I want to start this article by stressing that the point of this article has nothing to do with getting any player in trouble. The reason that I wrote this post is to once again try to point out how ludicrous the NCAA’s no-agent rule continues to be. It was struck down by a court of law, only to be re-instated after a player (Andrew Oliver) settled with the NCAA so that he could move on to focus on becoming a Major League baseball player (which he did very fast!). Even since the rule’s was re-established (the NCAA would like you to believe that it was never actually off the books), it has proved to be nearly impossible to enforce, yet the NCAA continues to try to find ways to use it. I know that because advisors tell me about some of the questions the NCAA has asked the players they are advising over the past year.
Yesterday, I talked about The Continuance Of Advisor/Club Communication. I discussed James Paxton’s punishment for not complying with NCAA demands after the NCAA had reason to believe that his advisor had direct communication with the Blue Jays, the likelihood that the same could have happened to Jameson Taillon, had he not signed with the Pirates, based on what was said in the Pittsburgh Post-Gazette, and concluded with the statement that advisors are going to continue to talk directly to teams, no-agent rule or not.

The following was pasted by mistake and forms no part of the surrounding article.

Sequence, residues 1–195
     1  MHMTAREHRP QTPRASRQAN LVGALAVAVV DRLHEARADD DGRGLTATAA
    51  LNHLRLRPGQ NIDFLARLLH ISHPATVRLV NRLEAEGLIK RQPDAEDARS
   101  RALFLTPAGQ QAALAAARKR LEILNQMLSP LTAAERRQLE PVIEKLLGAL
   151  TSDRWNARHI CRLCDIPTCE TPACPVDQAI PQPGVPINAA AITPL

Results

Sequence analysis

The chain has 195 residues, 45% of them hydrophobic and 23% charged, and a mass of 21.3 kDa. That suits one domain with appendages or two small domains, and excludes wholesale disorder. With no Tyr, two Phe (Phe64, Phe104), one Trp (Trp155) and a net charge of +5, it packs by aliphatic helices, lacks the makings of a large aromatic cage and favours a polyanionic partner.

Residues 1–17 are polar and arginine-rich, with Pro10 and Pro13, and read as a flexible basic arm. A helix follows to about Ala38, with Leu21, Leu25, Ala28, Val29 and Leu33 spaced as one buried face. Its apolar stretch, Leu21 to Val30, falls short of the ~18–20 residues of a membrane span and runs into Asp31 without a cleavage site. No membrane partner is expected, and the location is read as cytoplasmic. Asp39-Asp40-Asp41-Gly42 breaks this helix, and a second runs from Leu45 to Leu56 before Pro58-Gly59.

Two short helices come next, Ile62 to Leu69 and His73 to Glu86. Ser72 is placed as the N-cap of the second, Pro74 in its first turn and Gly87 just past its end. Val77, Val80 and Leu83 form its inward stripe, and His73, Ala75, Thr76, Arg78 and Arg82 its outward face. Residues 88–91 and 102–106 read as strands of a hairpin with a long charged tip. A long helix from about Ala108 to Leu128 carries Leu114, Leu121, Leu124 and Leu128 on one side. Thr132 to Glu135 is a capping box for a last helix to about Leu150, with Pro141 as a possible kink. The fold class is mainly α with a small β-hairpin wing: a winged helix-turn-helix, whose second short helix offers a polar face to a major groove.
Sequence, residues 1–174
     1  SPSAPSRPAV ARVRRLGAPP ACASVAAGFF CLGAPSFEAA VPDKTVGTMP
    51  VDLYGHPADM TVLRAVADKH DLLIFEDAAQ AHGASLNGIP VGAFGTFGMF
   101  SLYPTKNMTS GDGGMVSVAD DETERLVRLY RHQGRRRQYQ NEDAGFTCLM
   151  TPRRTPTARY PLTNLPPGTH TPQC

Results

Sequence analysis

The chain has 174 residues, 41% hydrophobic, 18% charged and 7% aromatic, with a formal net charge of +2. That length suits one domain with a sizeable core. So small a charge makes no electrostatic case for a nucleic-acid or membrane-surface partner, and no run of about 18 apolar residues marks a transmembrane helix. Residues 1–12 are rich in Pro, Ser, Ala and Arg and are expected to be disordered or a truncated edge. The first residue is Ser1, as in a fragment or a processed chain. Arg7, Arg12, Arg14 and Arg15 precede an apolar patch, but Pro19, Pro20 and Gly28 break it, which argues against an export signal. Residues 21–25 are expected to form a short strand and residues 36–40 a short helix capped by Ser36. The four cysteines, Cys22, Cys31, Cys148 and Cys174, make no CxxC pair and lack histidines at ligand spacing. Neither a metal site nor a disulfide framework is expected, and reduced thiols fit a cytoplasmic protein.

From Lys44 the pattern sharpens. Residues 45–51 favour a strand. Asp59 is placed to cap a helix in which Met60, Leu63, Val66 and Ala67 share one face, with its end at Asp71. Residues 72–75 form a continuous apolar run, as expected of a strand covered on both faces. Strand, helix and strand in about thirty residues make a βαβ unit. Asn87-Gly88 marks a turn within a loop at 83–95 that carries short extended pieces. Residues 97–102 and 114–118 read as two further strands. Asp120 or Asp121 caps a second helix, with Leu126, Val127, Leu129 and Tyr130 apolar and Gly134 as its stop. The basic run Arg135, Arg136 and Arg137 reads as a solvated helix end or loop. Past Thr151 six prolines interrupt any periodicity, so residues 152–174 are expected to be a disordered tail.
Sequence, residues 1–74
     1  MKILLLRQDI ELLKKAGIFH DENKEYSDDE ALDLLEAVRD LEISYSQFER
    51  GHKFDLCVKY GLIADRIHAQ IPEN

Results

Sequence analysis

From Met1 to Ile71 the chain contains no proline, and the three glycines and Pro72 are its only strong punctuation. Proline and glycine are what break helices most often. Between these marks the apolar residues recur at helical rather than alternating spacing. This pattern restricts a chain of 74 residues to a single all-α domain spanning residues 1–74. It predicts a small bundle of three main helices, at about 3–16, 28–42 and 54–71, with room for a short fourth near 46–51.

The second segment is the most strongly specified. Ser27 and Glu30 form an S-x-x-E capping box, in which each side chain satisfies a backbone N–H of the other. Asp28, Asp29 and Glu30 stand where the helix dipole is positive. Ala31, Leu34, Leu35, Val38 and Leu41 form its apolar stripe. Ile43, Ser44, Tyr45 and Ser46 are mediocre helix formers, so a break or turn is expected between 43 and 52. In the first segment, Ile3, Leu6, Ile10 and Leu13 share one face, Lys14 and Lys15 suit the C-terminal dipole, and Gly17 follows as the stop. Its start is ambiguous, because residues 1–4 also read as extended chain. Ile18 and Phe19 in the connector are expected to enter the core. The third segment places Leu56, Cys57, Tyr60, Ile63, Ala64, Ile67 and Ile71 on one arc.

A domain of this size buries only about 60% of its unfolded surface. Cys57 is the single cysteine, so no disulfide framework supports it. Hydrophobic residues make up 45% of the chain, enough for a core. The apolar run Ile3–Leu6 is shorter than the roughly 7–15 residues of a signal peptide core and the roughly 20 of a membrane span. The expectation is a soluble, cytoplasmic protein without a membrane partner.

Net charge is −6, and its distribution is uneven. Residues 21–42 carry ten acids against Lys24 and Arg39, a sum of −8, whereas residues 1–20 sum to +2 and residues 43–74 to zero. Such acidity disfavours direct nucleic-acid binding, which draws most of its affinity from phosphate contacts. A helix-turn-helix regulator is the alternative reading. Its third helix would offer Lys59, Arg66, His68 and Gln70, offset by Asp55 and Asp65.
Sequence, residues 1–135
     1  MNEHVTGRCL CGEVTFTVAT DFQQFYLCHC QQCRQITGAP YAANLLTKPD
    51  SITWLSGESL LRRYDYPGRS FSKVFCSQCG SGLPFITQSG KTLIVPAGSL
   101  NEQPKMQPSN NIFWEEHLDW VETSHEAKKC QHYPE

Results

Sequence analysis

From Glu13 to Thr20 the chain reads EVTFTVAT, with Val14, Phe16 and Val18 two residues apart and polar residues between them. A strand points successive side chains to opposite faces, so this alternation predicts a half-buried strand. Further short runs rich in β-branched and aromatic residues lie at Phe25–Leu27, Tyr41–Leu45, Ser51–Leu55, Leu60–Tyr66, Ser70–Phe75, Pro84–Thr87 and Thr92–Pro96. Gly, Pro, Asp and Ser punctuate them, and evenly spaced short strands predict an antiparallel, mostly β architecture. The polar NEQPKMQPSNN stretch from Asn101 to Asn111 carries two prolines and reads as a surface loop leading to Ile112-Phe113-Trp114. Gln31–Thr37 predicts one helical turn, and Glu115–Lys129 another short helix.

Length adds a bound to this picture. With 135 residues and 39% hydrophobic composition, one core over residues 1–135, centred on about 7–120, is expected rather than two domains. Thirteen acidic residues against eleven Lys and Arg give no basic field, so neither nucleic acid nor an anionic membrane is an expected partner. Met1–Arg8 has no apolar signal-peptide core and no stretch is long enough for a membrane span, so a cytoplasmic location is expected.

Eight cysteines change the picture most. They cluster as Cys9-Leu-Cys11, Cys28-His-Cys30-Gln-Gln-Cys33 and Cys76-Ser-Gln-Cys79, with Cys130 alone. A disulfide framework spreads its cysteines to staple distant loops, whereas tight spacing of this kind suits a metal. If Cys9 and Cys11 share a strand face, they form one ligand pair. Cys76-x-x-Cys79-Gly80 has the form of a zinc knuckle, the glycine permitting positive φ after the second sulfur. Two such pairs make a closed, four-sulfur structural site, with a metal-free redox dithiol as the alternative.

While Taillon is immune from the NCAA coming down on him for what was written in the Pittsburgh Post-Gazette, might Karsten Whitson not be as lucky after he failed to sign with the San Diego Padres? The tall right-hander from Chipley, Florida could not come to terms with the Padres, and will instead play at least three years at the University of Florida. People are already clamoring about how college hitters will have no chance against his slider. But a couple of articles mention that Whitson might not have been doing his own negotiating, having his advisor, Troy Caradonna of SFX Baseball do the talking.
From Corey Brock of MLB.com,
“San Diego owner Jeff Moorad, a former agent himself, said he was disappointed that the first number presented to the team by Caradonna was just 15 minutes before the deadline and was $2.7 million, and that he felt sorry for Whitson in the end.”
And from Nick Canepa of the San Diego Union-Tribune,
Moorad: “… We feel were misled by the agent, and it’s something we won’t forget. Lesson learned.”
If Caradonna was not doing the negotiating, Moorad should have known better than to say those words to a reporter, since it was not all that long ago that Moorad was in Caradonna’s shoes. The NCAA follow up on this with some questions for Whitson. I am hoping that Moorad’s statements do not end up hurting Whitson, though, and not only because he is committed to play at my alma mater.